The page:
Swordplay costumer based on manga about a young girl assassin, "Azumi" reps Ryuhei Kitamura's first foray into studio production. Centering mayhem is teenybopper idol Aya Ueto who, like some fantastic ninja Barbie doll, mows down forests of foes. Pic seems unlikely to expand beyond ever-faithful DVD following.

Swordplay costumer based on popular manga about a young girl assassin, “Azumi” reps Japanese indie enfant terrible Ryuhei Kitamura’s (“Versus”) first foray into studio production. Though Kitamura wades into blood-and-guts spectacle with panache and infinite death-dispensing ingenuity, the wraparound moral tale feels weak, igniting dramatically only when oddball villains appear. Centering the mayhem is teenybopper idol Aya Ueto who, like some fantastic ninja Barbie doll (with acting skills to match), mows down forests of foes, a spray of blood fanning out across her flawlessly-complected cheek. A B.O. disappointment for Toho, pic seems unlikely to expand beyond ever-faithful DVD following.

On the corpse-strewn field of a particularly costly battle, master swordsman Gessai (Yoshio Harada) vows to end the killings by training young orphans to become assassins and exterminate hawkish leaders. The children grow up together in the mountains, strong and battle-eager.

Forced to watch an entire village slaughtered without lifting their weapons (they must save themselves for their mission), some members of the small band begin to question Ninja ethics. At one point, a disillusioned Azumi takes off with an actress to sample the delights of womanhood, but an attempted rape soon sets her back on track.

Meanwhile Kiyomasa (Naoto Takenaka), a wily warlord tagged for extinction, dispatches a series of evil assassins to eliminate the good ones.

While villainous strategist for Kiyomasa, Inoue (Katsuki Kitamura), and his monkey-outfitted sidekick Saru (Minoru Matsumoto) confront the kid killers in kosher ambush fashion, the mercenaries are far less straightforward. An oafish duo, whose idea of a good time is to arm-wrestle each other into piercing, sharp objects, proves no match for the teens, so Saru ventures into a heavily guarded prison to liberate Bijomaru (Joe Odagiri), a white-robed, rose-carrying androgynous purveyor of death so twisted that he makes other killers sick.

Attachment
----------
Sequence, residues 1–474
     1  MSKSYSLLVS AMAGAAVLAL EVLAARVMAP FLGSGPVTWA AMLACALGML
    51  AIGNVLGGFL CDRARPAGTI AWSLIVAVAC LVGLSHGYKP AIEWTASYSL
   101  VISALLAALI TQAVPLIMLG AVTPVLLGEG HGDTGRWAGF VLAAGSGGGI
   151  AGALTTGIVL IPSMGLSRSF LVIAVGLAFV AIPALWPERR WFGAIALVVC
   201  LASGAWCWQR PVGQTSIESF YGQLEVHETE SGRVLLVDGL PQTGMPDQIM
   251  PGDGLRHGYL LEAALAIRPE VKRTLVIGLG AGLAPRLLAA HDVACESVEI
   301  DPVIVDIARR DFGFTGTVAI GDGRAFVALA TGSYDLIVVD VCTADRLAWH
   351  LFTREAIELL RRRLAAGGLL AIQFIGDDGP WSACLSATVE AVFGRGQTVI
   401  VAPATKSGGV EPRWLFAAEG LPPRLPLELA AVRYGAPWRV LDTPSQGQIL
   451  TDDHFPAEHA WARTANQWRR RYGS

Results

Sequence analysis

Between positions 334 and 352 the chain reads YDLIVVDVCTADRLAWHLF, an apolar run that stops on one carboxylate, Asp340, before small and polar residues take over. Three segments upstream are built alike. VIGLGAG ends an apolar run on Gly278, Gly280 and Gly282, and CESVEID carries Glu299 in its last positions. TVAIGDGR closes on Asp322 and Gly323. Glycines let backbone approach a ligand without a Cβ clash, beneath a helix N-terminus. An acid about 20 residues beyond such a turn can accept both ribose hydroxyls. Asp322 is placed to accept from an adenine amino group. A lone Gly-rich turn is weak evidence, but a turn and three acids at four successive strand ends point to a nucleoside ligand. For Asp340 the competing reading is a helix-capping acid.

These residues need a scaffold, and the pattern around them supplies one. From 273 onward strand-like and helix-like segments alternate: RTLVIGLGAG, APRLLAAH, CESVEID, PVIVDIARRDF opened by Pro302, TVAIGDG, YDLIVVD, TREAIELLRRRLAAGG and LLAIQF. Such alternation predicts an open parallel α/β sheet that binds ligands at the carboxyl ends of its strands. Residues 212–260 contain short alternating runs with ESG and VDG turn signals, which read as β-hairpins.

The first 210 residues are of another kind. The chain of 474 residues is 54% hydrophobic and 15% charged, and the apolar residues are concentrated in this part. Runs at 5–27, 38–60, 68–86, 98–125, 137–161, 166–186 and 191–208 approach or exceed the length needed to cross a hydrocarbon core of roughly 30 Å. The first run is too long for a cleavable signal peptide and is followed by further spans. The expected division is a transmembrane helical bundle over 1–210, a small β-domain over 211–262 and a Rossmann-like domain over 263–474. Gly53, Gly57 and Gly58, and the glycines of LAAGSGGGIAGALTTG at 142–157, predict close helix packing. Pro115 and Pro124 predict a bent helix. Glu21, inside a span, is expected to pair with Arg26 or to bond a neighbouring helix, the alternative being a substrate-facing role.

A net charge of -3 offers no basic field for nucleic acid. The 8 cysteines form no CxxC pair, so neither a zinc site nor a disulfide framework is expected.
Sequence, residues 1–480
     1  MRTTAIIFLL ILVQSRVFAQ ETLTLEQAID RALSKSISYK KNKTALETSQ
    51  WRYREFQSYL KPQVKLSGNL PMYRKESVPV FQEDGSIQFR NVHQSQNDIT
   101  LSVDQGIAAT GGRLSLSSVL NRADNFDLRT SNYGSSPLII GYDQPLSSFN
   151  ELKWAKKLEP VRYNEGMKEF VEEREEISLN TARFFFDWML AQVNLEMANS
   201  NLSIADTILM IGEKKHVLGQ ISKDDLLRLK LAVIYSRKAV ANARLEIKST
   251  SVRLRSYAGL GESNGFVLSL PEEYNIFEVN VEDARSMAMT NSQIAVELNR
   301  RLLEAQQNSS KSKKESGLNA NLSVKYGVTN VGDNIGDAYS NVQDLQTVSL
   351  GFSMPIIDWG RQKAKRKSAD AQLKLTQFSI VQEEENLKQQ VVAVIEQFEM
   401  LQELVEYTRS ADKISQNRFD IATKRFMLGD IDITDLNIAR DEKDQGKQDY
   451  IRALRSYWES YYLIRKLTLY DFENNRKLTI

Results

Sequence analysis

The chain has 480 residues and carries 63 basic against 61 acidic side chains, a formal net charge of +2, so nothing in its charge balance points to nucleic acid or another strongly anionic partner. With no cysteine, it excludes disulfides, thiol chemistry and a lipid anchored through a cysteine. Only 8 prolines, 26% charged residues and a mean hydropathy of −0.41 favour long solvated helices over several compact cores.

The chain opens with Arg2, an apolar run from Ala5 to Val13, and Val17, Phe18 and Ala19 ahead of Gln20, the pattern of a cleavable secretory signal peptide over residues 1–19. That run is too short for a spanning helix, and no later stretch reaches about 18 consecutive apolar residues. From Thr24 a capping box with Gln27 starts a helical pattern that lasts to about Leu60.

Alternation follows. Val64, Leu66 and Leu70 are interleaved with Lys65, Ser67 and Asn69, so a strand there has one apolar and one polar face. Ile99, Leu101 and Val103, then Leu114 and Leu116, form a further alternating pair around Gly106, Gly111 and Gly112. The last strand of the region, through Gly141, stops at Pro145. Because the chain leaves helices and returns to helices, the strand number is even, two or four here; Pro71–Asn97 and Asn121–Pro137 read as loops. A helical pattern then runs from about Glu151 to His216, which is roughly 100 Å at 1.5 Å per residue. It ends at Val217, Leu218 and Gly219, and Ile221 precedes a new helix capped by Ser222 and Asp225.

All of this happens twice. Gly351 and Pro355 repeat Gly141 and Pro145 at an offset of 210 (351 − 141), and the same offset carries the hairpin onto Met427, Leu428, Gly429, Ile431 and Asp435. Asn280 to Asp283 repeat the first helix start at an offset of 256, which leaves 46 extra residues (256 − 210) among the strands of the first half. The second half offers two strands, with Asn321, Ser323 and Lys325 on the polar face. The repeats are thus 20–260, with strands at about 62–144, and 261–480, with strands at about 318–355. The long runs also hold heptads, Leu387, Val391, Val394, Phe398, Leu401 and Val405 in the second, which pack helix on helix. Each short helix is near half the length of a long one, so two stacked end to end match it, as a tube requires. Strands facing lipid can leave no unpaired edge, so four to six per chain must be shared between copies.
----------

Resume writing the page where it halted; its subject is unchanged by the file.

At this point pic shifts into high gear: Limbs and bodies go flying, though none so spectacularly as Saru’s, exploded upward into the camera lens like some simian version of Esther Williams at the climax of Busby Berkeley’s “Million Dollar Mermaid.”

Inevitable comparisons to Quentin Tarentino’s femme-centered carnage extravaganza “Kill Bill” are not unwarranted insofar as both films feature an abstract, self-conscious, and decidedly post-modern approach to a moribund genre.

A mano-to-mano faceoff between sicko Bijomaru and an intrepid member of the youthful hit squad, where Bijomaru delights in slowly carving up the youngster in front of his would-be ladylove, is just the appetizer for the final piece de resistance wherein Azumi finally confronts Bijomaru. Helmer Kitamura now deploys his most daring pyrotechnics, sending his camera off on vertiginous cycles of 360° vertical pans around the combatants, who are perched on a planked overhang.

Widescreen lensing by Kitamura regular Takumi Furuya plusses the action kinetically, but unfortunately Taroh Iwashiro’s annoyingly generic, poorly accented score works even harder in the other direction.




A Toho Co. production. Produced by Mataichiro Yamamoto. Directed by Ryuhei Kitamura. Screenplay, Isao Kiriyama, Rikiya Muzushima from a manga by Yu Koyama.


Camera (color, widescreen), Takumi Furuya; editor, Shuichi Kakesu; music, Taroh Iwashiro; art director, Yuji Hayashida; fencing choreographer, Yuta Morokaji. Reviewed at New York Asian Film Festival, June 27, 2004. Running time: 143 MIN.


Aya Ueto, Yoshio Harada, Joe Odagiri, Aya Okamoto, Minoru Matsumoto, Katsuki Kitamura, Kenji Kohashi, Naoto Takenaka. (Japanese dialogue)
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